Saint John the Damascan: the hymnographer of popular theology1 September 2021
Saint John the Damascan lived between the 7th and 8th centuries and was one of the most well-read and ascetic Fathers of our Church. Verifiable information on the life of this Syrian monk from Damascus is limited and, essentially, is to be found in the older synaxaria. He was a prolific writer, and his contribution at the time of the dispute over icons made him one of the most outstanding historical figures of the period. His anti-heretical teaching, his immersion in philosophy as well as his exact exposition of the theological teaching of seven centuries in clear, succinct sentences, contribute to his standing as one of the leading personalities in Byzantine intellectual life in general.
Saint John is well known also for the book of the Octoechos, which is ascribed to his name. This is the book which contains all the resurrection hymns for the whole of the liturgical year. The Octoechos is also the core of the Paraclitic which is in use today and which, besides the hymns of Saint John, contains poems by other hymnographers, such as Emperors Leo VI, the Wise, Constantine VII Porfyroyenitos et al.
But the Church hymns which came from the hand of Saint John, and, in general, those we find in all the liturgical books of our Church (Minaia [services of the month], Triodio or Pentikostario) aren’t merely compositions created in accordance with certain metrical or poetic rules and laws. They are also the condensed, personal expression of Orthodox theology and the experience of the Church, throughout all the centuries of its existence. In other words, the various hymnographers, who were, necessarily, saints steeped in the learning of the Church, undertook the task of rewriting the teachings of theology, of the great ecclesiastical events, of the synods and of the Fathers, in a language which was simpler and poetic. Indeed, it has been remarked that at the time of the great hymnographers, unlike today, there was no separate class of ‘composers’ who would have set the poetic hymns to music. Rather the hymnographers both wrote the poems and then set them to music themselves, so their skill and contribution is doubly impressive.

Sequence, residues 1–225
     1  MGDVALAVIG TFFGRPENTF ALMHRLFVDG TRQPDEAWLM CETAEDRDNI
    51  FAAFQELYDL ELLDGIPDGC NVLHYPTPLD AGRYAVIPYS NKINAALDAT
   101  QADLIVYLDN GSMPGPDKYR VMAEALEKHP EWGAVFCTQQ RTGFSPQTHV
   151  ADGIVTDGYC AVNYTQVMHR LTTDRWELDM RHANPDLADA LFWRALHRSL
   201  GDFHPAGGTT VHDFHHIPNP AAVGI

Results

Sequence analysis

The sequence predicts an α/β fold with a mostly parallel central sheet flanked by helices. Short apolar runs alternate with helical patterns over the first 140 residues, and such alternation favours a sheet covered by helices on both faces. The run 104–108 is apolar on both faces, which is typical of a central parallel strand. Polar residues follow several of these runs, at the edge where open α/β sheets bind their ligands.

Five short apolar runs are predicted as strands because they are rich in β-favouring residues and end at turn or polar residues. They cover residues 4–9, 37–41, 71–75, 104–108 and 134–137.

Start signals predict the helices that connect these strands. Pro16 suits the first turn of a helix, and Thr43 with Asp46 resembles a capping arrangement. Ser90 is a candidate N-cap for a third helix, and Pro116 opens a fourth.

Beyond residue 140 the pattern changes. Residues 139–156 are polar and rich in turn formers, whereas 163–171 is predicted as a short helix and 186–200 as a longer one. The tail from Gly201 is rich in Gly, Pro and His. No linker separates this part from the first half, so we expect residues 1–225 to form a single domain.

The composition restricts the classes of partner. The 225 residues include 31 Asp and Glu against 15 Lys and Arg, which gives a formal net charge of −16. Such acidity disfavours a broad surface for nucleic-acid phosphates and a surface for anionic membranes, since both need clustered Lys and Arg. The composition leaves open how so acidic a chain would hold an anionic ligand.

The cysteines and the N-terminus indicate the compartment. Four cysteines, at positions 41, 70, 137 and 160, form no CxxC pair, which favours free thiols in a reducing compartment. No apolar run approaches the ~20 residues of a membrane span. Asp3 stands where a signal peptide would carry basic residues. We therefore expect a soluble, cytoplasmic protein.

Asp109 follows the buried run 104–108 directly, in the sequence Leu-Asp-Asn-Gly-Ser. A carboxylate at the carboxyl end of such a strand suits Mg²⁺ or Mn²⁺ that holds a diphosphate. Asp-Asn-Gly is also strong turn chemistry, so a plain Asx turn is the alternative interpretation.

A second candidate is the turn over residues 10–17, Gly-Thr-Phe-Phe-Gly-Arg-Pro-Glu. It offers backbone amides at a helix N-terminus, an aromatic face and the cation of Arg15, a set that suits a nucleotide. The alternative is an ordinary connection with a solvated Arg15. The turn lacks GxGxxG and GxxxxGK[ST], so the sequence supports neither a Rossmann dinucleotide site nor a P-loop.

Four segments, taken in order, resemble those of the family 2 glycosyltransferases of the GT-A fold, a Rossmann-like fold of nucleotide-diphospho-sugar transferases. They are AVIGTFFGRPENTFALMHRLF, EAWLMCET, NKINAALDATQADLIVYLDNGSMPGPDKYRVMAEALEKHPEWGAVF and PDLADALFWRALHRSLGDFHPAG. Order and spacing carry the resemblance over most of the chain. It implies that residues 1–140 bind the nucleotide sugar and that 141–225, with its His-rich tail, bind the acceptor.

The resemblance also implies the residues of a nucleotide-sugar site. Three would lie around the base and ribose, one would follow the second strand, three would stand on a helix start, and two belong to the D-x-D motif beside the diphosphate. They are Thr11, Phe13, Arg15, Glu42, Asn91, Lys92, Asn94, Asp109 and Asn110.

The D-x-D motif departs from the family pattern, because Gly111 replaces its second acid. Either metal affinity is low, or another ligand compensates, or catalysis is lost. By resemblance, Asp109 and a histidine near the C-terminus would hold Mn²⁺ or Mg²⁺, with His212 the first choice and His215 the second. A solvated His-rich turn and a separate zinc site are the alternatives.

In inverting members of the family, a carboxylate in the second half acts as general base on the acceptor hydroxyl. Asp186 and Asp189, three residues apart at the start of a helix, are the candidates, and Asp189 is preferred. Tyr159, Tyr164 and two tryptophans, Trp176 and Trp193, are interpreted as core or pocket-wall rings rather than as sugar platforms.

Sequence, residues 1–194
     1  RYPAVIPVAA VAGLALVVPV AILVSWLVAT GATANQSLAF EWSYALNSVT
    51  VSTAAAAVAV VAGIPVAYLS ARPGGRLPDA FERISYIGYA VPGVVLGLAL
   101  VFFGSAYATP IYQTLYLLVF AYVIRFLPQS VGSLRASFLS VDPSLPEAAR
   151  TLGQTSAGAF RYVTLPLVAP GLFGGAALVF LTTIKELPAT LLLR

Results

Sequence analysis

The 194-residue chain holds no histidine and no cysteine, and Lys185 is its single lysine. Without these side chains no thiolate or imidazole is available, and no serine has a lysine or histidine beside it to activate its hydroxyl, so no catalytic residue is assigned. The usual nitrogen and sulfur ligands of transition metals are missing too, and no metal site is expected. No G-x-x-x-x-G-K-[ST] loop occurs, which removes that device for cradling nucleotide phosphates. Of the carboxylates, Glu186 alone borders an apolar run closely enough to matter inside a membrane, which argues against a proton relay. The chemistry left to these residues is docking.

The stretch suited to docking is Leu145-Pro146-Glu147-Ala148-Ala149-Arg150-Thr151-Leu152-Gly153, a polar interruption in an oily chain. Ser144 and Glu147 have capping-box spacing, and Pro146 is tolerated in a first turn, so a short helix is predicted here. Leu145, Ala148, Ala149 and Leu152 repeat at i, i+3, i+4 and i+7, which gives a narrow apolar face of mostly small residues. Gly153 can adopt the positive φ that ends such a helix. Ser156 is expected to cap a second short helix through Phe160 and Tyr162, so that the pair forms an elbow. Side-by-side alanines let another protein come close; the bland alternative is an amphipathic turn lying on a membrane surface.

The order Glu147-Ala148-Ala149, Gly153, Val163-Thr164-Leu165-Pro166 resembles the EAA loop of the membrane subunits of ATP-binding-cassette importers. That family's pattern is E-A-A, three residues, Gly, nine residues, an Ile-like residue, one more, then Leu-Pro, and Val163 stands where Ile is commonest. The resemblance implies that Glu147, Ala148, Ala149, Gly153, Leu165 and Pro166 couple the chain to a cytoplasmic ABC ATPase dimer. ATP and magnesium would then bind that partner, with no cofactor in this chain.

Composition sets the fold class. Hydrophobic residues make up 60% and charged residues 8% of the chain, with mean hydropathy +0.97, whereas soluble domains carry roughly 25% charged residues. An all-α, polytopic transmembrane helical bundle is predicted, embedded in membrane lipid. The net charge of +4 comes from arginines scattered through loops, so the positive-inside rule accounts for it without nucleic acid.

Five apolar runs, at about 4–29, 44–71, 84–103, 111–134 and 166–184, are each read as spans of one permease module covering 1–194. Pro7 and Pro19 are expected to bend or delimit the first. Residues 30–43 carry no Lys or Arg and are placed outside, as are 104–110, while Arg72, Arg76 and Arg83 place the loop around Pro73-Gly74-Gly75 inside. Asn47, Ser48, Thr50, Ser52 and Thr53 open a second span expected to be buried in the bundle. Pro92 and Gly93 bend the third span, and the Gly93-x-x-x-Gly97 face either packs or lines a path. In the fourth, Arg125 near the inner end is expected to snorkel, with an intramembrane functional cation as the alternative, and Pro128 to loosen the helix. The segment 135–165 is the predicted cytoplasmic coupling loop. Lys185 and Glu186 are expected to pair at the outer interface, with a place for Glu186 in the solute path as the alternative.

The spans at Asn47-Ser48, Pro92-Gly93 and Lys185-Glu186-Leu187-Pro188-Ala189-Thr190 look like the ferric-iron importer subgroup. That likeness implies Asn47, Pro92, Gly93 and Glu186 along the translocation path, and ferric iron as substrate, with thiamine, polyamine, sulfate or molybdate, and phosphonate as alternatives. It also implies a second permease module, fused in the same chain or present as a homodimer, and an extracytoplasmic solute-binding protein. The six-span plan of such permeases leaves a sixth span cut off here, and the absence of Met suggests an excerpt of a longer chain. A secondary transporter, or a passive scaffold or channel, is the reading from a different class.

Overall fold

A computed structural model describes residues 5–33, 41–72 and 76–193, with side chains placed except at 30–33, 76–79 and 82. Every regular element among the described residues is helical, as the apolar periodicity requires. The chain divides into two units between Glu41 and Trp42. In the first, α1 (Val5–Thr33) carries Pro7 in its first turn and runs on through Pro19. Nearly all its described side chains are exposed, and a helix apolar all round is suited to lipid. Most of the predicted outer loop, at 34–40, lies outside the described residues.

Saint John, then, was not only a hymnographer but also a leading figure in the theological and academic affairs of the period, since he also summarized the theological teaching of the Church as it had developed until his own times and wrote analytical philosophical works similar in form to those of Aristotle. He was important in hymnography, too, for reasons similar to those which made him outstanding in theology. Just as this exceptionally gifted Syrian monk recapitulated and summarized the whole theology of the Church in his works, so, in his hymns, he wrote compositions which make up the core of the yearly liturgical cycle of its worship. Indeed, he’s among the most prolific hymnographers of compositions still in use today. To put it another way, he was the voice of the people. He transformed the elevated theological texts into encapsulated and metrical hymns, which he put into the mouths of the people. Because the Church’s hymns certainly belong to the people, since they’re sung by the lower order of clergy, the choirs, in order to be heard by the congregation. In fact, in earlier years, the very few hymns that were used in the first services were actually sung by the people and there were no special choirs. The priestly prayers and exclamations aren’t always directed to the congregation, but may be between the clergy themselves (‘Bless, Lord’, as the deacon says to the bishop) or directly between the clergy and God, in a low voice or as an exclamation.